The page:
Yesterday saw the 113th running of the Boston Marathon, and what a great running it was!
The alarm went off at 5:00 and I waited while my runner went about his race day preparations. We left our friend's home in Somerville at 5:45 and drove into Boston over what I fondly call the "Salt and Pepper" bridge. As we headed toward Government Center, we saw empty yellow buses lined up for nearly a mile to the Boston Common. It was an amazing sight, another indication of the impressive race management machine that is Dave McGillivray, rather, DMSE Sports, Inc. (By the way, I've had occasion to e-mail Dave over the past couple of years, and each time I receive a response within 24 hours. I love that.)
Runners, carrying their bright yellow plastic marathon bags, were coming from every direction and slowly making their way to the bus-loading area on Tremont Street. They were early and appeared relaxed, as buses were running to the Hopkinton start until 6:45 a.m.
I wished Paul well as he set about on his virgin voyage of the grand-daddy of marathons. Of course his journey began months ago in October, when he comfortably qualified at the Mount Desert Island marathon. Today was about enjoying the ride! (I wish the ride I had to my viewing spot was enjoyable, but more on that later.)
Before he could get going, however, Paul had nearly three hours to wait at the start area. He ate some, walked around some, got some cold, and then tried to warm up some in the sun. Finally, time to get into the stalls. I can't tell his story, but I do know he made it to his stall in the nick of time on account of a porta pottie waiting line. He left in the first wave at 10:00, and took several minutes to cross the starting line.
My story gets good only after I arrived with friends and family at the 24-mile mark in Brookline's Coolidge Corner neighborhood. Getting there, madly, was no fun. We took the 'T' from Cambridge to Park Street in Boston where we had to change lines, and were unable to board at least ten trains because they were too full. Aaaargh! Of course, the Red Sox game was scheduled to begin at 11:00 and throngs of excited spectators of both sports were vying to get to their start on time.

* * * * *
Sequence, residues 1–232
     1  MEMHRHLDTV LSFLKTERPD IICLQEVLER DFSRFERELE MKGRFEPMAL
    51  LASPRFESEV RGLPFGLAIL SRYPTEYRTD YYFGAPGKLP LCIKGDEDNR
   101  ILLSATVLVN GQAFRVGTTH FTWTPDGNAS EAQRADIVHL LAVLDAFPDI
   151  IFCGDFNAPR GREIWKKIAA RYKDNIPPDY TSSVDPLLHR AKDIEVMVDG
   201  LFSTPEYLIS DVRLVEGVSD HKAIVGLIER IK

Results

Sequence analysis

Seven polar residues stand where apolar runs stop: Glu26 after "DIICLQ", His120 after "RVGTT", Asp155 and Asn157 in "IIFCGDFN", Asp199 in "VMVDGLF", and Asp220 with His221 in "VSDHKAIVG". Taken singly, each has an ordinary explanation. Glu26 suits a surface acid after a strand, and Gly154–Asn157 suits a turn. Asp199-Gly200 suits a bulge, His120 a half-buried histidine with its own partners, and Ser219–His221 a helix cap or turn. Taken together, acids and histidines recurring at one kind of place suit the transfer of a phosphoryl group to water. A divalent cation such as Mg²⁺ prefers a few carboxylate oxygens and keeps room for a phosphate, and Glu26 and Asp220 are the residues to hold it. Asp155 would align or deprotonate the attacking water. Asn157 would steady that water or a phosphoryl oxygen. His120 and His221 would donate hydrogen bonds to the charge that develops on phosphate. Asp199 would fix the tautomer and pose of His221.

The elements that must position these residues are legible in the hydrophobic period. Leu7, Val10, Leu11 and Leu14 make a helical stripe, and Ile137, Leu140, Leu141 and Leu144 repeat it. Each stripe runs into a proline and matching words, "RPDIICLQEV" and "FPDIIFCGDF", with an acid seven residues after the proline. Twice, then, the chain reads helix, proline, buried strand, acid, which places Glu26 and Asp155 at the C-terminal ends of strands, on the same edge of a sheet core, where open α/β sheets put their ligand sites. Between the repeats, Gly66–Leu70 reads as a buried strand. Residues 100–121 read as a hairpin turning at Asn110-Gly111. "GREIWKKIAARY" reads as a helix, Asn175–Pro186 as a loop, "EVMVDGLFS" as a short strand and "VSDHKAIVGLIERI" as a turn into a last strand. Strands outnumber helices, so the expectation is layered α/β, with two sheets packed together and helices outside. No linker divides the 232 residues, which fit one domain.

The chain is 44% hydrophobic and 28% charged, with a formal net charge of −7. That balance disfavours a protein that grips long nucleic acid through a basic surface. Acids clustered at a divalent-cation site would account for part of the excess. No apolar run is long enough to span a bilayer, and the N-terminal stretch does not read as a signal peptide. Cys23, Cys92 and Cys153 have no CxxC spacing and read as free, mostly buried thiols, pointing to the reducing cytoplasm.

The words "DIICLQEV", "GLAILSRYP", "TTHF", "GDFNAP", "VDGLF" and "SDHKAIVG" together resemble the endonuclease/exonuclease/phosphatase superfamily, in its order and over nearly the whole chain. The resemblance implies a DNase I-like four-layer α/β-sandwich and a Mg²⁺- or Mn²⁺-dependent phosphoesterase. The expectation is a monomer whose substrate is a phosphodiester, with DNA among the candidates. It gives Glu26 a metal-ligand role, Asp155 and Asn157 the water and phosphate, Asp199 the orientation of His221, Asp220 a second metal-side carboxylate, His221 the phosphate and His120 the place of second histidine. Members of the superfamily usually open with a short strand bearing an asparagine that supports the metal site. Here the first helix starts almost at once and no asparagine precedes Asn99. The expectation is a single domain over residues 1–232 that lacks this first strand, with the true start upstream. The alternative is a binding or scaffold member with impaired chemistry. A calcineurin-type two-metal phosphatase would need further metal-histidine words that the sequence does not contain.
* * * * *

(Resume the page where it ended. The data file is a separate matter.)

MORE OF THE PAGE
We arrived in time to see the wheelchair athletes in progress, the women's lead pack, the male leaders, and all the fabulous runners thereafter. Mile 24 is on a downhill, which was fairly evident in how the runners took it; some were inspired while others grimaced with the continuous pressure of the descent. Mile 24 is a tough place to spectate because runners are often more done than not.
The women's race was amazing. Kara Goucher was in the front seat of a pack of six women! They virtually flashed by us, but I went on to imagine what the next two miles were going to look like and feel like. Holy cow! What a fantastic race, and the finish, as we know, was thoroughly dramatic. THIS is what I love about the marathon. So much transpires from mile to mile.
The men's race was less exciting but no less amazing. Deriba Merga was all alone, looking absolutely unscathed and with an established lead that was going to be impossible to take away. He had it. Then came Daniel Rono and Ryan Hall, shoulder to shoulder. I noticed that Hall's arms were down, appearing tired, and I worried about his chances to take charge. It panned out as it did. What a great effort.
There are so many details I could share, but I'll spare you. I do want to comment on a couple Maine runners before closing: Sheri Piers for starters. Sheri, from Falmouth, is so inspiring and such a treat to watch in action. She was alone, moving right along in complete control, and smiling as if she was thoroughly enjoying the ride. What joy! She finished in the 11th spot.
Matt Dunlap, also living in Falmouth though originally from Farmington, works at Peak Performance. Last October, he finished his first-ever marathon in the number two spot, at the Peak Performance Maine Marathon in 2:37, but, he hurt his ITB. Matt was forced to take time off and I know struggled to regain his health. Yesterday, when he passed at 24, he gave me that 'pained, panicked look' that I know quite well. It says to me, "I'm doing it, but I'm not really quite sure how." He ran his first Boston in 2:38. Matt rocks.
And saving my best for last, Paul Toohey ran his first (and he said, maybe his last) Boston Marathon in 3:27. He did not see us in spite of our cow bells and cat calls, so I quickly jumped in to let him know we were all there rooting for him. He seemed pleased to hear this and said he felt some sore.
I thought I was late getting to the family meeting area at the finish, again, a terribly crowded train, but in fact, we met right on time. The poor guy had to walk several blocks back to the 'T' at Park Street, but it could have been worse as we walked through Boston's Public Garden and the Common.
Runners ruled the day yesterday in Boston. They were everywhere after the race - sharing their stories, hobbling along, leaning on loved ones, resting on the grass, and I dare say, still enjoying the ride.